With an NHS prescription costs £9 per item (in England, free in Scotland, Wales and Northern Ireland) and the stores full of branded medication promising to cure any ailment, it is no wonder that we are looking for ways to save money on medication. Whether you are prescribed medication regularly or you are just looking for ways to save money at the pharmacy, here are some great ways to save money on medication.
Check if you are eligible for free NHS prescriptions
You can get free NHS prescriptions for a number of reasons, including being aged 60 or over, under 16, between 16-18 in full-time education, if you are pregnant or had a baby in the previous 12 months, having a certain medical condition or are an NHS inpatient. If you or your partner are in receipt of certain benefits including income support, income-based Jobseeker’s Allowance, Pension Credit and Universal credit then you might also be entitled to free prescriptions.
In some cases, such as pregnancy or having a certain medical condition you will need to get a medical exemption certification. To do so, ask your GP for an FP92A form to complete to be issued with your card. Also see what to expect if you waters break early.
Get a Prescription Payment Certificate
A Prescription Payment Certificate (PPC) can help you to save money if you need more than one prescription or medication per month. A three-month PPC costs £29.10 and an annual PPC costs £104 – you can pay this over 10 months if it is easier for you. You can order a PPC online or by ringing 0300 330 1341.
On a low income?
The NHS Low Income Scheme is in place to help those who are on a low income. You will need to apply for a HC2 certificate, which you do by completing a HC1 form. This form is available from the Jobcentre Plus, hospitals and most GP surgerys. You can also ring 0300 123 0849 (freephone) to get a form.
Your income will then be taken into account to see if you qualify, and if so you could get free prescriptions, or get part of your prescriptions paid.
Ask for a bigger prescription
If you need a medication for some time then it might be possible to ask your doctor to prescribe a few month’s worth of medication instead of the usual amount you are prescribed. They might not be able to, but it is worth asking.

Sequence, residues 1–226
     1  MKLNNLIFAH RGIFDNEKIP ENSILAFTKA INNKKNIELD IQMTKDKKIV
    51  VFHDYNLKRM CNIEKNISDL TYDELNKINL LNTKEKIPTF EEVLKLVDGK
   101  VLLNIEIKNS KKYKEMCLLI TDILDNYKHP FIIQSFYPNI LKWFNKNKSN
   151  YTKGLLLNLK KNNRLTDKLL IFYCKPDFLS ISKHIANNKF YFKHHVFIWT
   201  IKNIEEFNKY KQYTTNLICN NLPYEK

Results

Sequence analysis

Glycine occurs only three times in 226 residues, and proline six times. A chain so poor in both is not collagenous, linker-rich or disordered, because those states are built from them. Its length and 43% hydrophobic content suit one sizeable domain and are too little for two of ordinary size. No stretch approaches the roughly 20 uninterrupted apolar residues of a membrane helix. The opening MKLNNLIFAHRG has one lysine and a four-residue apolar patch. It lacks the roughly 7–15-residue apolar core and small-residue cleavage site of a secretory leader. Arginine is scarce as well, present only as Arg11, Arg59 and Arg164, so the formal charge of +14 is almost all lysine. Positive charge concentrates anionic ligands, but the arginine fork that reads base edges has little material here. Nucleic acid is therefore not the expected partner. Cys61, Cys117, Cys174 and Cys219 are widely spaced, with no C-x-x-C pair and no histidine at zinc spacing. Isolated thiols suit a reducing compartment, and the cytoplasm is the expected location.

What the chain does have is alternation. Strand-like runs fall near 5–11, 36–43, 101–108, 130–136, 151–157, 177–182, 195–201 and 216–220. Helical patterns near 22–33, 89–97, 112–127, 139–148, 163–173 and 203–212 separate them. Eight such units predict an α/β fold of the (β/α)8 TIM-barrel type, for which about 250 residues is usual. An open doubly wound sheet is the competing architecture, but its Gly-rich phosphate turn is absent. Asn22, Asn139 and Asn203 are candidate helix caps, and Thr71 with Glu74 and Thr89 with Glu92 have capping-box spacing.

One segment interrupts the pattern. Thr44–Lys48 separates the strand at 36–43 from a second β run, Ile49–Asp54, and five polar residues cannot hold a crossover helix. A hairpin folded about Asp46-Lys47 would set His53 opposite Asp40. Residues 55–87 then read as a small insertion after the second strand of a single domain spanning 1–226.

Stay away from brand names
If you need to buy medication then don’t be tempted by great packaging and promises of fast acting medication. Buying unbranded or own-brand medication can save you a small fortune. Simply compare the medication’s ‘active’ ingredients to make sure that you are getting the same medication and then buy the cheaper unbranded or own-brand. MoneySavingExpert suggest that you can save up to 68% of the cost of the same ingredients by not choosing the expensive branded medication.
Look for medication cheaper than the prescription cost
There are some prescribed items that are cheaper to purchase over the counter than paying the £8.80 prescription charge. Two great examples of this are Aqueous cream and hydrocortisone 1% which can both be purchased for around £3.50 instead of the £8.80 prescription charge. Other items to look out for pricing up individually include painkillers and ear drops. Remember to take into consideration how long a prescription would last you – if you are getting a few month’s worth of medication on the prescription then it might work out cheaper.
There are savings to be made from shopping around for your medication. From supermarkets to discount and bargain stores like Poundland, B&M and Home Bargains, there are often bargains to be found on medication. You can also look online, but make sure you are choosing a reputable online pharmacy and that you account for any delivery fees.
Consider buying painkillers yourself
If you are eligible for free prescriptions and need painkillers, you might want to consider the cost to the NHS and opt to buy your painkillers elsewhere. For example, a 16 pack of paracetamol will set you back just 35p from Tesco, but will cost the NHS a lot more.